The dangers facing video games
This week saw the release of two of this year's blockbuster video games: Micro
soft's "Halo 4," and Activision's "Call of Duty: Black Ops 2."
In its first 24 hours on the market, "Halo 4" generated $220 million in sales. That dwarfed the opening weekend numbers for 2012's biggest films like "The Dark Knight Rises" and last week's "Skyfall."
Yet, the stocks of video-game companies remain firmlyin what has been a multi-year bear market.
Well, hardcore gamers haven't gone anywhere just yet. They're still ponying up the bucks for top franchises like "Halo," "Call of Duty," and "Grand Theft Auto."
Everyone else, well, they just started playing with their phones.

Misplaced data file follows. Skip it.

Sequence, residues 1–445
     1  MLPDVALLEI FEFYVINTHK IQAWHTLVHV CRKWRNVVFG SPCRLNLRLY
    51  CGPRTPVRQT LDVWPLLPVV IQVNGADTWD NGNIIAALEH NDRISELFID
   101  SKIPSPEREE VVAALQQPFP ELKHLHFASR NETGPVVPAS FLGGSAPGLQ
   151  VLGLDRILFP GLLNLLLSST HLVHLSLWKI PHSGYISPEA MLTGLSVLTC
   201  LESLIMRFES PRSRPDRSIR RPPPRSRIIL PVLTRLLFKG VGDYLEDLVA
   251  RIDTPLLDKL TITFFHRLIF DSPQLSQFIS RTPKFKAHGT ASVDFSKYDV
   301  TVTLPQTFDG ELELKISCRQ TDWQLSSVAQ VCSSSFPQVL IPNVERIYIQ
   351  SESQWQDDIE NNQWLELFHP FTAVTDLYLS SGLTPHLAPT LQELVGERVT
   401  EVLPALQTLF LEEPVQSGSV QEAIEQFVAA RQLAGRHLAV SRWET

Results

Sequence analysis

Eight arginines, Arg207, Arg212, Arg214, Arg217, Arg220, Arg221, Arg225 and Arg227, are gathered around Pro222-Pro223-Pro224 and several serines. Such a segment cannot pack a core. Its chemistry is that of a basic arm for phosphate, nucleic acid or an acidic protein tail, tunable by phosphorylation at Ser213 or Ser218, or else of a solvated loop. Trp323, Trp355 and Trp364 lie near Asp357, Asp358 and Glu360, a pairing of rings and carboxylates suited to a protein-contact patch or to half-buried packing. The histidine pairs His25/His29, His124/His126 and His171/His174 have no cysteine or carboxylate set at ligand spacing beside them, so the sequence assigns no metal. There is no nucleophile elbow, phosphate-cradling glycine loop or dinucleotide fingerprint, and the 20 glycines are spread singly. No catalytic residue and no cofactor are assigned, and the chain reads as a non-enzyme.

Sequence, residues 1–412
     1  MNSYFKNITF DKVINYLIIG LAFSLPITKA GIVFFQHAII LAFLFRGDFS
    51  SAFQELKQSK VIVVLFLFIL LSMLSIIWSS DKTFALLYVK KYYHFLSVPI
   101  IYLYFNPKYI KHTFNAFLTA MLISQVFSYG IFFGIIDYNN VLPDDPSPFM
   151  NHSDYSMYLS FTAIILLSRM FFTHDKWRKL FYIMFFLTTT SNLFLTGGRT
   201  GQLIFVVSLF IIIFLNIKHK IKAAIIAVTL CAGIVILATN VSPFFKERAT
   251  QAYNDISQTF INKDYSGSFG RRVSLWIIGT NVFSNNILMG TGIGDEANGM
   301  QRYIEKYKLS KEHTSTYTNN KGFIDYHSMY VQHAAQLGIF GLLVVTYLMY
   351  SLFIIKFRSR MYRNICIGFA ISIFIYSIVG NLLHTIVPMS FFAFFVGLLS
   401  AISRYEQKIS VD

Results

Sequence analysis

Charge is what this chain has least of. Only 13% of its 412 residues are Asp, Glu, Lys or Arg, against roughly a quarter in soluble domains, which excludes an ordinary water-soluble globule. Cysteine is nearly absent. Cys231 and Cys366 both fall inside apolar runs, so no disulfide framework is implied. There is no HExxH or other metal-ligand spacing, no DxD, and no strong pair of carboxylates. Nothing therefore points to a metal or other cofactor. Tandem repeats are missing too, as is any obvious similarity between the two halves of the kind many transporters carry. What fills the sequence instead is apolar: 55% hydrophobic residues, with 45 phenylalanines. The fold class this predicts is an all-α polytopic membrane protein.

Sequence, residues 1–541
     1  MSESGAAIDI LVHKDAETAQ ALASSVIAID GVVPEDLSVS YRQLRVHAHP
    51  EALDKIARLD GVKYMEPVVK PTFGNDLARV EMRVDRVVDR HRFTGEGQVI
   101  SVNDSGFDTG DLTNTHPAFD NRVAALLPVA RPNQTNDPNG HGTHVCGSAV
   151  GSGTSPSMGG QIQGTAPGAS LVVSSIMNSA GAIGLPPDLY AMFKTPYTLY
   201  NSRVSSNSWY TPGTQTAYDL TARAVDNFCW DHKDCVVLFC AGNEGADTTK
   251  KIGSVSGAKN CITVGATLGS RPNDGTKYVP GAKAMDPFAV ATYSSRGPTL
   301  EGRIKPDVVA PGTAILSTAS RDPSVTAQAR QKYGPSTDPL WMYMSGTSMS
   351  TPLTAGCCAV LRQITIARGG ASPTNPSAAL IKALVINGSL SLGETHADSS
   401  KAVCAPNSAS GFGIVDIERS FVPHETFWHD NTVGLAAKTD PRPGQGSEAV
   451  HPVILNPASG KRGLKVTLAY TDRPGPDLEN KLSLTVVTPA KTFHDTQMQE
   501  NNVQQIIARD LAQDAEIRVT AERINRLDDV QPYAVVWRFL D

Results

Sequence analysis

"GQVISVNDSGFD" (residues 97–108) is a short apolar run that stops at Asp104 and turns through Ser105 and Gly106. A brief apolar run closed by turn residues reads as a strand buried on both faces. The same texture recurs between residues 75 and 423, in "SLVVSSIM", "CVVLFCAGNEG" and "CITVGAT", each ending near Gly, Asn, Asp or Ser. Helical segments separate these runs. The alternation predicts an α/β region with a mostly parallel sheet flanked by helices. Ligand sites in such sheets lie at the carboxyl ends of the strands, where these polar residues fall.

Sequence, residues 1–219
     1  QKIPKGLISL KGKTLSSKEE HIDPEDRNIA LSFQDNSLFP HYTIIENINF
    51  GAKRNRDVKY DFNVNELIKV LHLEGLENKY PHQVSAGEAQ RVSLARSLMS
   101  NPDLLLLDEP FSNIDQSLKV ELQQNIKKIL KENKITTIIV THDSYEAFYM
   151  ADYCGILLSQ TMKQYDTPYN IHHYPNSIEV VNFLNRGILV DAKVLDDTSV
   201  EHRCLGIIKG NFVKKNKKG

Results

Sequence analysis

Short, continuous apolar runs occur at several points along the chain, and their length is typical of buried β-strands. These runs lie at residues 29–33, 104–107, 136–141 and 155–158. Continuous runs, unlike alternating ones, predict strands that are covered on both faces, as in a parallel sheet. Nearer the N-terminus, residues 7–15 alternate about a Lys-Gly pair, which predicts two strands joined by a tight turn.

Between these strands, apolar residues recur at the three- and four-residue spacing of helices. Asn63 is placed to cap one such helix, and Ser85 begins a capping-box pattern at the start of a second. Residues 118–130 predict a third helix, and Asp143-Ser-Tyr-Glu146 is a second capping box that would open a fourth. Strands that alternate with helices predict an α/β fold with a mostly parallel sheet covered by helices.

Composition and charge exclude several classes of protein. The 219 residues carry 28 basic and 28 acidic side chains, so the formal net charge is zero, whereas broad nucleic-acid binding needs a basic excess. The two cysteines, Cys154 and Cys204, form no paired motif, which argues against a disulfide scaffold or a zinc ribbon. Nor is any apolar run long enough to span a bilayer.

Think back to 2006-2008. Mass-market friendly casual fare like the Nintendo Wii and "Guitar Hero" were hot because of innovative user interfaces that were extremely user-friendly to non-gamers. The industry grew tremendously off this trend.
But once the novelty factor wore off, those people stopped buying expensive console games and moved on to two new platforms.
The first was social-based games from companies like Zynga, which incidentally have fizzled out.
And the second one, the one that's still going, is the smartphone. Since Apple introduced the iPhone in 2007, smartphones have advanced radically in terms of graphics performance, design quality and availability of inexpensive games.
And we now have a generation of gamers that is conditioned to expect video games to be very cheap.
This is great news for small companies aiming to sell 1 million copies of a 99-cent game. But it's terrible news for the big boys that need giant sales numbers to move the needle.
Michael Comeau is a columnist and buzz editor at Minyanville.com